I applaud President Bush for signing the “National Breast and Cervical Cancer Early Detection Program Reauthorization Act of 2007,

H.R. 1132 is identical to S. 624, which the HELP Committee approved on March 15.  The bill will modify the Public Health Service Act to reauthorize the National Breast and Cervical Cancer Early Detection Program (NBCCEDP), which was established by Congress in 1991.  Administered by the Centers for Disease Control and Prevention (CDC), the NBCCEDP now operates in all 50 States, four U.S. territories, the District of Columbia, and 13 American Indian and Alaska Native organizations, and is a successful federal-state partnership that also capitalizes on partnering with local community organizations.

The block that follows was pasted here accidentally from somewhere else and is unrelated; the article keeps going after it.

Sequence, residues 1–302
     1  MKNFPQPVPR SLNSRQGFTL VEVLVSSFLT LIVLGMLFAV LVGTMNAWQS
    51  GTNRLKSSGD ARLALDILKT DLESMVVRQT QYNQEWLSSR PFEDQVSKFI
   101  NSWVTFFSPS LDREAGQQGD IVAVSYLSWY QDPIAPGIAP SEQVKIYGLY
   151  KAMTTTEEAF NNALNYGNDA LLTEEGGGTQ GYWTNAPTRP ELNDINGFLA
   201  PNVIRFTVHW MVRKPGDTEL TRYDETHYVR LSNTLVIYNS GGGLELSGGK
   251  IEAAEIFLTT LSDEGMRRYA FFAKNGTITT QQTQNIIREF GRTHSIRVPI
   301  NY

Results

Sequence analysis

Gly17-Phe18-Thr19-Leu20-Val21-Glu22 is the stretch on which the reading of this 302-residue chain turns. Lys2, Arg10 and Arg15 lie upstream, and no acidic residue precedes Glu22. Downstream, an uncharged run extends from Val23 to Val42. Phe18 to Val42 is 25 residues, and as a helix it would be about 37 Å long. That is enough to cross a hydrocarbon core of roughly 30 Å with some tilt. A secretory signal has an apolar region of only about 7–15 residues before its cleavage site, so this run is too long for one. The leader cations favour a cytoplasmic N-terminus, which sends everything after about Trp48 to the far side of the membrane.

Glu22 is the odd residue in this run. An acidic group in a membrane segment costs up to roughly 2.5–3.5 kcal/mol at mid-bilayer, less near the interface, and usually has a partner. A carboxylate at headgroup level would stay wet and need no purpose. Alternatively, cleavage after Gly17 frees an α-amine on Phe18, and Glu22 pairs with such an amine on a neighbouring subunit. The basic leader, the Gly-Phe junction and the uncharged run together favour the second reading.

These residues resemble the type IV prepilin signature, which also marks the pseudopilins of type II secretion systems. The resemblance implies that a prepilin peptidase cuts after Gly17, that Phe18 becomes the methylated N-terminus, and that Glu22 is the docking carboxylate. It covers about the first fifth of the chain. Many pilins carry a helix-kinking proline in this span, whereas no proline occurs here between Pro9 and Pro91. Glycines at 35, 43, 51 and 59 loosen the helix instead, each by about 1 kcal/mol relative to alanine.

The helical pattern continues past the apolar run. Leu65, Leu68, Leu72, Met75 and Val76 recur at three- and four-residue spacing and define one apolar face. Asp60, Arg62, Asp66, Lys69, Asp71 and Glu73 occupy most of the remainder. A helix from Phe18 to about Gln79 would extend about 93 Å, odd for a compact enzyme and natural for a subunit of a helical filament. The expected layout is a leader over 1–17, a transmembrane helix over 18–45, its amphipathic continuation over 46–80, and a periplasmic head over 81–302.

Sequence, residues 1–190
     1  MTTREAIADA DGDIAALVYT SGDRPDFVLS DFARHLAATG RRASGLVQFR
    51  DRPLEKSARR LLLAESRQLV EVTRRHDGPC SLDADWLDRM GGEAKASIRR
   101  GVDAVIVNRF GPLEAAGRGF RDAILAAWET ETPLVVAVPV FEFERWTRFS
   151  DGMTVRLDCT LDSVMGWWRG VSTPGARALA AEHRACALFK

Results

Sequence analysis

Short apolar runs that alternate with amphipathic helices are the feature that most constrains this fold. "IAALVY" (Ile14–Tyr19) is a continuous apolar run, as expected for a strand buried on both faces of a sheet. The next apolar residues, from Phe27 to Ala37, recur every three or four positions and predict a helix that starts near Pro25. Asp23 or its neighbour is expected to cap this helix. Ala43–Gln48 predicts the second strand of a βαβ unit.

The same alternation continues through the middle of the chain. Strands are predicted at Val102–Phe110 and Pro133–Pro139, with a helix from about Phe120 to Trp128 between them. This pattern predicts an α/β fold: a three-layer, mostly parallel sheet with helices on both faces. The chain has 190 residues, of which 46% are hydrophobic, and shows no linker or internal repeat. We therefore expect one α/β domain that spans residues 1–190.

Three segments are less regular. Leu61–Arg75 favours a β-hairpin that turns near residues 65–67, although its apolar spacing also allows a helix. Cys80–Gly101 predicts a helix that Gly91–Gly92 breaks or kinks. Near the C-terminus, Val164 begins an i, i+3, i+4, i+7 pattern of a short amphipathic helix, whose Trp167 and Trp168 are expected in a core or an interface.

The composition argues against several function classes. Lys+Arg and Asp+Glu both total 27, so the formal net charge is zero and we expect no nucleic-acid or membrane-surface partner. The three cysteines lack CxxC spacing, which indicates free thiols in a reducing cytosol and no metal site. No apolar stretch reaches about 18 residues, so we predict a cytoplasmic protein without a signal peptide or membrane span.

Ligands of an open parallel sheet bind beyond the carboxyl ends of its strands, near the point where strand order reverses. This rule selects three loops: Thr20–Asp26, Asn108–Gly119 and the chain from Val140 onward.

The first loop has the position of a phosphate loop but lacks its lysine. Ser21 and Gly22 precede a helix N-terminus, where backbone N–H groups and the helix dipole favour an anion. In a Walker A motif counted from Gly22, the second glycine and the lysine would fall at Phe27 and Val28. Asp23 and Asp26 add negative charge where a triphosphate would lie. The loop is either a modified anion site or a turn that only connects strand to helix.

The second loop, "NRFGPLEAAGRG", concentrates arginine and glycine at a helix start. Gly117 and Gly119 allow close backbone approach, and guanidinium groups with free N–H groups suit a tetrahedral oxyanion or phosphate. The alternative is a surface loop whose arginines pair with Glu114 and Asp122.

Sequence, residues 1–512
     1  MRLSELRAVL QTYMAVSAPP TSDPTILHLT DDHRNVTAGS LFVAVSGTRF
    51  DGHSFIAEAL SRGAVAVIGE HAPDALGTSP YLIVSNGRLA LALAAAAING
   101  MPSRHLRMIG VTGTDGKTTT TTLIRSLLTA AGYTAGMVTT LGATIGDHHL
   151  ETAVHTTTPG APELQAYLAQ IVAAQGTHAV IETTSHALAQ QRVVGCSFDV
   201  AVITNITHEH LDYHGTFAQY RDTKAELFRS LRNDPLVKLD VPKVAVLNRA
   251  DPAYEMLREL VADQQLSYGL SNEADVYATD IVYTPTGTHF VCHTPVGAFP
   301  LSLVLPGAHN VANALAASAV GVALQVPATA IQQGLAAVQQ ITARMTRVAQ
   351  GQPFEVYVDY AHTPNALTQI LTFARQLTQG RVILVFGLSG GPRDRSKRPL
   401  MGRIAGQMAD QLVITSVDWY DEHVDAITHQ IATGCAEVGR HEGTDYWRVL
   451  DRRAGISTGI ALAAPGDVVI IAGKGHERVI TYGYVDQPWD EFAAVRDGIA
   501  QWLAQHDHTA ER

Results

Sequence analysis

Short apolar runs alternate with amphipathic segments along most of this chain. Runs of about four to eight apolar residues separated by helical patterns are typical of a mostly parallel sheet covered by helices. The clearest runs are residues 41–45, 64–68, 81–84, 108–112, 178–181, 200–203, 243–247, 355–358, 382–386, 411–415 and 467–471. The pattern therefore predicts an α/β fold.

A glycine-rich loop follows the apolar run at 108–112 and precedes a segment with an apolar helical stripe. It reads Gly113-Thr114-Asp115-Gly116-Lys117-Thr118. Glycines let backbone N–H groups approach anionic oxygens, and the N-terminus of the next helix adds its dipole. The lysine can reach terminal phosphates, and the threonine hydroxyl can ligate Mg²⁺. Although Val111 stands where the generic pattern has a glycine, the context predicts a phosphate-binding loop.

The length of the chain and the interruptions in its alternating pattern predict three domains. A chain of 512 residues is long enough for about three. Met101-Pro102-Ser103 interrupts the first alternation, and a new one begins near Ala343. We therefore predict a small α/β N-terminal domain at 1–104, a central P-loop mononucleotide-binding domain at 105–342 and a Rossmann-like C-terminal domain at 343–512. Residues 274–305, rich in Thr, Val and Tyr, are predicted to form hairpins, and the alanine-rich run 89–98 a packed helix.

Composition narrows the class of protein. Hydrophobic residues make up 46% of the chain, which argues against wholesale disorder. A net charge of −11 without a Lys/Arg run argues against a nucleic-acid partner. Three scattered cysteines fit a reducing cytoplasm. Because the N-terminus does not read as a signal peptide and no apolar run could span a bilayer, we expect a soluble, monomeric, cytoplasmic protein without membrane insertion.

Breast cancer is the most common cancer among women, accounting for nearly one of every three cancers diagnosed in the United States. This year alone, it is estimated that 211,240 new cases of breast cancer will be diagnosed, and 40,870 lives will be lost to breast cancer.  Cervical cancer disproportionately affects minority and medically underserved women, who experience higher incidence and mortality rates from this cancer.  This year, an estimated 10,370 cases of cervical cancer are expected to be diagnosed, and 3,710 women will die from this disease.